I fixed my Tivo for $1.59

Discussion in 'TiVo Coffee House - TiVo Discussion' started by Floydian, Apr 14, 2011.

  1. Floydian

    Floydian New Member

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    Jul 16, 2009
    I just wanted to share a quick success story with my Tivo 24004A. It started rebooting itself and eventually just went to a solid blue screen with no lights on the front. Further diagnostic revealed the hard drive drive was not spinning up with IDE cable connected (but it was without, which I found very weird!) Some persistent research about this led me to inspect the capacitors on the power supply, one of which was slightly bulging (it was a 2200uF10v). I went to a local electronics store and purchased a replacement for $1.59, spent about 5 minutes soldering, and my Tivo has been successfully resurrected! Cheers to anyone who finds this information useful.
     
  2. mattack

    mattack Well-Known Member

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    Blue screen from the TV, right? Not from the Tivo? i.e. you're saying that the Tivo wouldn't start up -- but the drive would spin up?

    I seem to be having the same thing happening with my S3 -- which somehow coincidentally happened when I tried to upgrade my hard drive (after replacing another one that had suddenly died -- it spins up but doesn't show up).

    i.e. the fan & drive turn on, but no front lights on Tivo, no video output..

    That sounds similar to what you're referring to.
     
  3. unitron

    unitron Well-Known Member

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    "I fixed my Tivo for $1.59"

    Is that what they're charging for bullets these days? :)

    Seriously, make a note of all of the values (microFarads and Working Voltage) of the big capacitors on the power supply board, and then get High Temp, Low ESR replacements for each, cause if one went bad I'd be suspicious of all of them, and if you used a general purpose capacitor, like what you'd use in the older non-switching power supplies, it might not last all that long in its current role.

    Go to badcaps.net and read to learn about capacitor disease and why switching supplies need premium caps.
     
  4. unitron

    unitron Well-Known Member

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    Do you happen to own a Voltmeter or multimeter?

    Have you checked to be sure that you haven't partially dislodged a cable from the motherboard to the front panel?
     
  5. Floydian

    Floydian New Member

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    Jul 16, 2009
    Can't really say whether the blue screen was coming from the Tivo or the TV because when the Tivo is unplugged, it just passes through the cable box signal. But the hard drive was NOT spinning up as long as the IDE cable was connected. The rear fan was definitely spinning.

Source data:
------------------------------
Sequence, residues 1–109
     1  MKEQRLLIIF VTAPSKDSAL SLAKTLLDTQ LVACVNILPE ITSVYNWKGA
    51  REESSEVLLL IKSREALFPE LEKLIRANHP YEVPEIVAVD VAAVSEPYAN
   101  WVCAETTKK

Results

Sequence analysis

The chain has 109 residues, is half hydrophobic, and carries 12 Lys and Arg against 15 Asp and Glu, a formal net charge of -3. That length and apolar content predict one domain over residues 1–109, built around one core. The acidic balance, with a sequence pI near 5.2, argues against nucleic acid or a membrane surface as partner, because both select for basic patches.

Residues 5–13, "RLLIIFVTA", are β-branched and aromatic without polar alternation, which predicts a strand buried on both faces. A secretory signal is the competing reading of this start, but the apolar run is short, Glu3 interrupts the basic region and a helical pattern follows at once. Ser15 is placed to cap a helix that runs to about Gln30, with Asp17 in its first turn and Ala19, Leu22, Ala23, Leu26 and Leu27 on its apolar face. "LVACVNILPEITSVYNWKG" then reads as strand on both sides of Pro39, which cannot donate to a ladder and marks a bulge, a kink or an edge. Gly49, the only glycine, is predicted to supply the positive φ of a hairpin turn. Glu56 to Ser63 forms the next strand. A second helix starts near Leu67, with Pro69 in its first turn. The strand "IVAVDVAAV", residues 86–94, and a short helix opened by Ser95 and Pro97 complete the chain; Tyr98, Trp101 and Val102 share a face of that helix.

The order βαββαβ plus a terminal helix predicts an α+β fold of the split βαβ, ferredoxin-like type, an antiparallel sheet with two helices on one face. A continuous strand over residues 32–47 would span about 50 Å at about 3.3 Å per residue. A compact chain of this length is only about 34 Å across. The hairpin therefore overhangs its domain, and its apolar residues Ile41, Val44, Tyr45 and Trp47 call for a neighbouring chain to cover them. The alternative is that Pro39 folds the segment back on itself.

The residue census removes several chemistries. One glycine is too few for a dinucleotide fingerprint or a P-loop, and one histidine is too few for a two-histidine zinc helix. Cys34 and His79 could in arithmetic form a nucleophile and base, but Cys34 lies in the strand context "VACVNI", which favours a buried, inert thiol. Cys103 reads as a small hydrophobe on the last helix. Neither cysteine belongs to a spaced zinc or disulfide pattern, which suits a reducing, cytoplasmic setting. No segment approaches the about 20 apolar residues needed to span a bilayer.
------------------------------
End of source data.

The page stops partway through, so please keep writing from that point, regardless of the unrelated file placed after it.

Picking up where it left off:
6. Floydian

    Floydian New Member

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    Jul 16, 2009
    The original capacitor was a 2200uf 10v. I replaced it with a 2200uf 25v capacitor. Here is a link to the capacitor I bought:

    http://www.frys.com/product/6432722?site=sr:SEARCH:MAIN_RSLT_PG

    They don't have a very detailed description of the capacitor on there, but the following link does (it's the same part #):

    http://www.newark.com/jsp/search/productdetail.jsp?SKU=34P1071&CMP=AFC-OP&CMP=AFC-OP

    And here is a link to the manufacturers page with information about that line of capacitors:

    http://www.nteinc.com/capacitor_web/pdf/nev_neh.pdf



    It's been running fine for 24 hours now with the new capacitor so I'm not too worried about it exploding. I think the worst that will happen is that it will go bad again and I'll have to replace it again. My Tivo is cold to the touch. I'm not too sure how to find the ESR rating of this capacitor.. can you tell from the information linked above?
     
  7. trip1eX

    trip1eX imo, afaik, feels like to me, *exceptions, ~aprox

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    Nice job!
     
  8. unitron

    unitron Well-Known Member

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    NTE is a decent brand and you've got a good general use capacitor there. By getting a 25V instead of a 10 you probably got yourself a little leeway with regard to temperature, but with electrolytics it's not recommended to go any higher than that above the voltage to which the capacitor will actually be exposed.

    ESR is equivalent series resistance and is a part of the capacitor's overall impedence, and it's somewhat complicated, but if you're going to own consumer electronics you should go to badcaps.net and read up on it, since practically everything that doesn't use a wall wart these days has a switching type supply, and there doesn't seem to be any end to the capacitors made with the incomplete electrolyte recipe obtained by industrial espionage back in the '90s, so it's going to be an ongoing problem.